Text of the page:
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Will Your Cracked Fingertips Heal With Manuka Honey?

Manuka honey is helpful in healing wounds, from burns to split fingertips. It discourages bacterial growth and helps cuts close more quickly.
A macro photo of a beautiful Manuka flower (Leptospermum scoparium, or New Zealand teatree), a source of wonderful Manuka honey

In the winter, many people suffer from dry skin. Beyond that, their painfully cracked fingertips may interfere with typing, buttoning clothes or doing any other fine tasks. Some people have developed ingenious remedies for this problem. They may apply lip balm to the fingers or use a greasy moisturizer like Vaseline at night. (Wearing cotton gloves to bed can help protect the sheets and keep the moisturizer where it can do the most good.) Certain individuals find that applying instant glue to the splits helps them heal more quickly. A reader recently alerted us to the healing potential of manuka honey.

How Can You Heal Cracked Fingertips?

Q. I have deep cracks on the sides of my thumb and first finger. They get so sore that I am barely able to hold a pen or pencil to write.

A friend of mine urged me to use manuka honey then cover it with a bandage. Manuka honey is used in burn units to aid healing. My crevices closed up within a couple of days. It’s amazing.

What Is Manuka Honey?

A. Manuka honey comes from New Zealand, where bees visit the flowers of the manuka bush, Leptospermum scoparium. This special honey has antimicrobial and antioxidant activity. As a wound dressing, it stimulates the immune system to help build new tissue (Current Drug Metabolism, Oct. 2017). This medicinal honey can inhibit bacterial biofilm formation, which could be critically important in treating wounds (Scientific Reports, Dec. 3, 2019). Such biofilms might not be important in the development of fingertip splits, but they are a factor in maintaining chronic wounds.

In addition, a systematic review of randomized controlled trials concluded that honey dressings are helpful for treating burns (Burns, Feb. 2017). This review produced evidence that manuka honey speeds healing of burns better than the gold standard of burn treatment, silver sulfadiazine.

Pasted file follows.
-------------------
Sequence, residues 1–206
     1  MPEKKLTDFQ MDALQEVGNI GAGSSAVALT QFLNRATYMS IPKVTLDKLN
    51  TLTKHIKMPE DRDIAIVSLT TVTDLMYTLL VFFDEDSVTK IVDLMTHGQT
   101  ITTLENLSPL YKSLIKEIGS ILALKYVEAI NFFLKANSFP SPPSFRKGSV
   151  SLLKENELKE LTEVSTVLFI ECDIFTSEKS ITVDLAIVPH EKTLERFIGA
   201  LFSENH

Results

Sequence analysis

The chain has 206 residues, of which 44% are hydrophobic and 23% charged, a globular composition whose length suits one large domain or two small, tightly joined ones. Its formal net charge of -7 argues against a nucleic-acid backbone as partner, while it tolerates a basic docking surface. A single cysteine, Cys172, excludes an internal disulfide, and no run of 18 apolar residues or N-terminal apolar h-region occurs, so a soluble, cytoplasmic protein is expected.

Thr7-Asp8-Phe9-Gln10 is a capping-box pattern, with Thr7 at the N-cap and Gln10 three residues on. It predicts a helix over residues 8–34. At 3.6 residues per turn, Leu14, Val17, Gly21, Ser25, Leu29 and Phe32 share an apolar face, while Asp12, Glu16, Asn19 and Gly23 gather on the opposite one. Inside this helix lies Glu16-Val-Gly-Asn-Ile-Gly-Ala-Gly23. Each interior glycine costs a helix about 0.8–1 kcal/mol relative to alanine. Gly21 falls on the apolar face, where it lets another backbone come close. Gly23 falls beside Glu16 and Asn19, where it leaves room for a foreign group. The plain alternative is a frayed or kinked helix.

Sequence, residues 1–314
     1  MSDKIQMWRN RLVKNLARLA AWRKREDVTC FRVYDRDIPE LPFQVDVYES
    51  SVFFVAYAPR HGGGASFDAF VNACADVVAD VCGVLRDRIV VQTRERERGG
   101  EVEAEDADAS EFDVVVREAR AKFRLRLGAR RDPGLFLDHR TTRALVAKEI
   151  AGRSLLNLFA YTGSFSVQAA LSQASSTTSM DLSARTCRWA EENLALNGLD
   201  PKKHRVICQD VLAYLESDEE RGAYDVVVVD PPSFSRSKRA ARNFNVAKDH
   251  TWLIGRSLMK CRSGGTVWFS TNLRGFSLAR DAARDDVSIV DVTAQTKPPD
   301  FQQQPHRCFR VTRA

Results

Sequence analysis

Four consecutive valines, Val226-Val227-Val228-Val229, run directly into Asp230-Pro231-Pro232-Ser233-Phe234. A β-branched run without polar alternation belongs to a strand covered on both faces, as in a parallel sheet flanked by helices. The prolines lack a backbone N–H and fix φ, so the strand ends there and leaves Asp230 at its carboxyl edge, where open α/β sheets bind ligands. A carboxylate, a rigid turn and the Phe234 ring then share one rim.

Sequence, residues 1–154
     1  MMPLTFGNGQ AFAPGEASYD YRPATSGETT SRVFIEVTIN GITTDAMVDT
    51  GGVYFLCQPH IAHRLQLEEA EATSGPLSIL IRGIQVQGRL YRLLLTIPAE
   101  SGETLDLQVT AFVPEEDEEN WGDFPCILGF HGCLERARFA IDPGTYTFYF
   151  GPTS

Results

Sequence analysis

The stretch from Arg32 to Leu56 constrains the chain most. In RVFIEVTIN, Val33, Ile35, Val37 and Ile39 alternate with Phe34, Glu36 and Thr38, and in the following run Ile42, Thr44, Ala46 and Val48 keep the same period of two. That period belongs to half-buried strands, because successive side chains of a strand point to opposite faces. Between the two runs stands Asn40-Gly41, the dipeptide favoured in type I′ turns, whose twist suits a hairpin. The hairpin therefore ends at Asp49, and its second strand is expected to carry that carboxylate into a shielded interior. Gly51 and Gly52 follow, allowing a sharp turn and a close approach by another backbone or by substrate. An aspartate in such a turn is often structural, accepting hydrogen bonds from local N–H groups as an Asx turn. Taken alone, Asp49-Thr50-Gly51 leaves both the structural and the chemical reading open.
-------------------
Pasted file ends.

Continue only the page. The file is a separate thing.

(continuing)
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About the Author
Terry Graedon, PhD, is a medical anthropologist and co-host of The People’s Pharmacy radio show, co-author of The People’s Pharmacy syndicated newspaper columns and numerous books, and co-founder of The People’s Pharmacy website. Terry taught in the Duke University School of Nursing and was an adjunct assistant professor in the Department of Anthropology. She is a Fellow of the Society of Applied Anthropology. Terry is one of the country's leading authorities on the science behind folk remedies. .
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  • Niaz K et al, "Health benefits of manuka honey as an essential constituent for tissue regeneration." Current Drug Metabolism, Oct. 2017. DOI: 10.2174/1389200218666170911152240
  • Lu J et al, "Honey can inhibit and eliminate biofilms produced by Pseudomonas aeruginosa." Scientific Reports, Dec. 3, 2019. Scientific Reports, Dec. 3, 2019. DOI: 10.1038/s41598-019-54576-2
  • Aziz Z & Abdul Rasool Hassan B, "The effects of honey compared to silver sulfadiazine for the treatment of burns: A systematic review of randomized controlled trials." Burns, Feb. 2017. DOI: 10.1016/j.burns.2016.07.004
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comments (13 total)
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I have had great success with O’Keefe’s Working Hands. About a half teaspoon at bedtime eliminated all finger cracking. Greasyness disappears in about 5 minutes so wearing gloves in bed is not necessary. Available at most drugstores and Amazon.

I make my own soap. I gave a bar to a friend who makes quilts and often has cracks in her fingers. The soap I made healed her cracks. Perhaps using homemade soap will help.

The Ancient Greeks used a mixture of honey and olive oil to dress wounds after battle as early as 450 BC. Honey of all sorts is designed by nature to ward off bacteria to avoid spoilage. It would be interesting to see comparisons of orange, sage, olive, almonds, and mixed urban honeys compared to manuka honey.
Being an exotic honey from far away, it reminds me of the old definition of an expert: someone from out of town with slides (power points, today).

I have found that taking collagen orally and using petroleum based cream on my hands daily has cured my finger tip cracks. I also wear gloves to wash dishes or do any type of cleaning.

A liquid bandaid product is the only thing that has worked for me, and it works very well.

Where the heck can I find “Manuka Honey?”

I suffer with heel cracks in the winter. Possibly this would work? Where do you get this product?

All raw honey will help with cuts and burns. No need to spend a ton of money on Manuka honey. Just be sure it is raw unprocessed honey

Seems like a terrible waste of yummy manuka honey! Do you or your readers have a problem with topical antibiotic cream? It’s inexpensive, easy to use, absorbs nicely (no need to wear gloves, etc.), and does the trick quickly.

Amazing! Might we use local honey on wounds? Or is this type of honey that much better? I was under the impression that all honey was antibacterial. Please explain. Thank you.

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